Now, one final mahalo and kudo to all of the “big box” stores that have plenty of employment opportunities for those who don’t agree with random drug tests.

Joseph Vrataric

Lihu‘e


Great … another strip mall

Re: new look for Kauai Village Shopping Center. Comtemporary, stucco, more modern, Denny’s or IHOP.

Great, fabulous. With a lot of hard work and dedication, we really can make the Kauai Village Shopping Center look like a “scummy” Southern California strip mall.

Liz Stevens

Lihu‘e


On Hawaiian slurs

I am from a rural island in Washington State and moved here five years ago. I feel quite connected here because I have been married for 18 years to a third-generation local Kaua‘i girl. Living here has been a marvelous adventure, including the attitudes about race.

The local comedians use every racial slur in the islands. One of the most popular pastors in Hawai‘i tells Portuguese jokes during his sermons broadcast on the radio (he is of Portuguese descent). People my color are called haoles, which has a very negative original meaning.

Frankly, I find it all quite delightful. Why? I think we all know that it is the attitude that counts, not the words. The people of Hawai‘i, especially Kaua‘i, are the most gracious people I have ever been around. The aloha spirit is very real.

When people feel accepted, they don’t mind slurs. In fact, the closer the friends, the more people feel comfortable to “let their hair down” and use slurs. On the Mainland, many people of African descent call each other by the “N” word. Here, many whites (myself included) refer to themselves as haoles.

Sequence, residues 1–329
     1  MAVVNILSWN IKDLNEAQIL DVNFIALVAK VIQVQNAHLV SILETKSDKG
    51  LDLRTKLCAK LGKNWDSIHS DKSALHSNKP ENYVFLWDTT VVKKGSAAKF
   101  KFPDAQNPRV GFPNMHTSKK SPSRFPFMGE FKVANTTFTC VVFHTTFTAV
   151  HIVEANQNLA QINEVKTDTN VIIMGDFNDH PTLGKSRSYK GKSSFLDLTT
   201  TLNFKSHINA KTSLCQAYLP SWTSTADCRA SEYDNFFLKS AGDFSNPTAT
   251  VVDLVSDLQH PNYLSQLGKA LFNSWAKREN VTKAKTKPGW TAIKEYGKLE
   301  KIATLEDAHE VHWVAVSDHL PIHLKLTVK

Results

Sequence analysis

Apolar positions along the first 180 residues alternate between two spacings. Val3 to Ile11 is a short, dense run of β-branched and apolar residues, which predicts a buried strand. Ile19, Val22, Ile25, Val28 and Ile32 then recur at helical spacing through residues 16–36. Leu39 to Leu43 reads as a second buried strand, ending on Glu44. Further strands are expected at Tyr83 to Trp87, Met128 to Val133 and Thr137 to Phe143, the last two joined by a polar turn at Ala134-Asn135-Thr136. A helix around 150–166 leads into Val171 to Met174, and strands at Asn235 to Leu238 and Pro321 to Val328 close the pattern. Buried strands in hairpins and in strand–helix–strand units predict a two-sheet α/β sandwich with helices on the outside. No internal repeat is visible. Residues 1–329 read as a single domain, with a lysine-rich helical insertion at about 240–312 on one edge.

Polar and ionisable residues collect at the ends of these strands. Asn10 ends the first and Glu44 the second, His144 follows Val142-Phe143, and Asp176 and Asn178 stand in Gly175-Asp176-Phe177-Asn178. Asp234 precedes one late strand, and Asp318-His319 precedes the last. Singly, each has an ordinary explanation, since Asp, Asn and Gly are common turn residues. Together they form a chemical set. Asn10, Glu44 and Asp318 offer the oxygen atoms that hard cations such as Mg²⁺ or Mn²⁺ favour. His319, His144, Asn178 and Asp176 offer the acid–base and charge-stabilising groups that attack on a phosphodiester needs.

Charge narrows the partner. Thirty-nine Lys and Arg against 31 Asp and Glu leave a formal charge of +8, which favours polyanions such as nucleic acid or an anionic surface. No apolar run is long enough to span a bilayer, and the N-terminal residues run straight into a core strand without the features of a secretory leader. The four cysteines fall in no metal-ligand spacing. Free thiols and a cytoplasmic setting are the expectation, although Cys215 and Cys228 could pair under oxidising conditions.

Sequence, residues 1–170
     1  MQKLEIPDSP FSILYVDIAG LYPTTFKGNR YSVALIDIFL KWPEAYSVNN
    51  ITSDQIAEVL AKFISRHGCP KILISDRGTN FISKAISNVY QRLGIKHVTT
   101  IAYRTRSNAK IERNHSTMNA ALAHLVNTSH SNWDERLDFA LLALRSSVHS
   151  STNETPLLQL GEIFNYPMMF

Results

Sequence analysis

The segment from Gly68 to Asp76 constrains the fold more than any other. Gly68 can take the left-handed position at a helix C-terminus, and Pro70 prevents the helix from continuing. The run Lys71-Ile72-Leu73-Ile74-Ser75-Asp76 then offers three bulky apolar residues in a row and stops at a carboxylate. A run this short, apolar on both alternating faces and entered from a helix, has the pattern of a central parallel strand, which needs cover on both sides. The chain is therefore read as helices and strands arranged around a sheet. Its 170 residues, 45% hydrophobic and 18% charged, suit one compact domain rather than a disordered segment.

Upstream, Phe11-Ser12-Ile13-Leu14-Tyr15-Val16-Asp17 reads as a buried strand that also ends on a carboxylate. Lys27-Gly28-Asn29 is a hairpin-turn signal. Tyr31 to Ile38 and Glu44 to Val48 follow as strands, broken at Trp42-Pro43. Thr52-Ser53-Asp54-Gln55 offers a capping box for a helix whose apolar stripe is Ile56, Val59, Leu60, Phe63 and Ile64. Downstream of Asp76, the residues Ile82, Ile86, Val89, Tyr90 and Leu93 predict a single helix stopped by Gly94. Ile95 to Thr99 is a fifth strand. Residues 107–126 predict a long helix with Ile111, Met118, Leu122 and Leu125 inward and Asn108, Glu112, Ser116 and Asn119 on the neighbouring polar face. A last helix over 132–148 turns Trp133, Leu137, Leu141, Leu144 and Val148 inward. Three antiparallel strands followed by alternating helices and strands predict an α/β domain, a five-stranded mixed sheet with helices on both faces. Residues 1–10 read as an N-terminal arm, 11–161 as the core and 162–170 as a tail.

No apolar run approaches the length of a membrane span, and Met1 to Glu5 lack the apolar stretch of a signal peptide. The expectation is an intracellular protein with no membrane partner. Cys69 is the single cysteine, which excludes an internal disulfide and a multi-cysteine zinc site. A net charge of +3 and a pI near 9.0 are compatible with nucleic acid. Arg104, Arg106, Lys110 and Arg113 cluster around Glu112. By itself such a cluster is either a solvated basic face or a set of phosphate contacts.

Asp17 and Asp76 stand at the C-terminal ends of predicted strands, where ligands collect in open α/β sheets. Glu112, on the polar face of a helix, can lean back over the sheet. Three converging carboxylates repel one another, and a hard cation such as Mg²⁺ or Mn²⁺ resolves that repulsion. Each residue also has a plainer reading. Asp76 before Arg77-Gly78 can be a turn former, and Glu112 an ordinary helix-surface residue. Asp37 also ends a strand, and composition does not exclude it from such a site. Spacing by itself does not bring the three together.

Obviously, we should not use slurs if we really do have negative feelings about people. Also obvious is the fact that if you are making a joke or using a slur, it is safer if you are a member of the race you are making fun of. But if you use a racial slur about your own race, don’t be offended if someone else outside your race uses the same word. I think that people of African descent are only hurting their own cause by enforcing a double standard with the “N” word. Using a double standard like this has a way of confusing and trapping people, which only alienates them further.

I am not taking sides in favor of all these Hawaiian slurs. Maybe it would be wiser if we all stopped. However, in the meantime, I am enjoying it while it lasts, because it is a fun part of local culture.

Mark Beeksma

Koloa


It will hurt

When we lived on the Mainland a similar “big box” bill got turned down twice, then passed — the mom-and-pop stores failed miserably and prices went up. At the new enhanced stores, due to their ability to just do it — do it in plain view — with nobody to stop them, good decent traditional vendors were stuck in near bankruptcy.

Please, please, please listen to the little guy this time — you let Costco in after Home Depot — don’t let Wal-Mart expand into space we may need later for Wilcox Memorial Hospital expansion and for goodness sakes do not let folks from big business into our island space any further than they are already.

Many people are planning to give up their dollars on time off to attend hearings — not fair either.

Please be with us on this.

Vote a resounding “No” on Bill 2203. For the good of us all…

Su and Al Haynes

Kapa‘a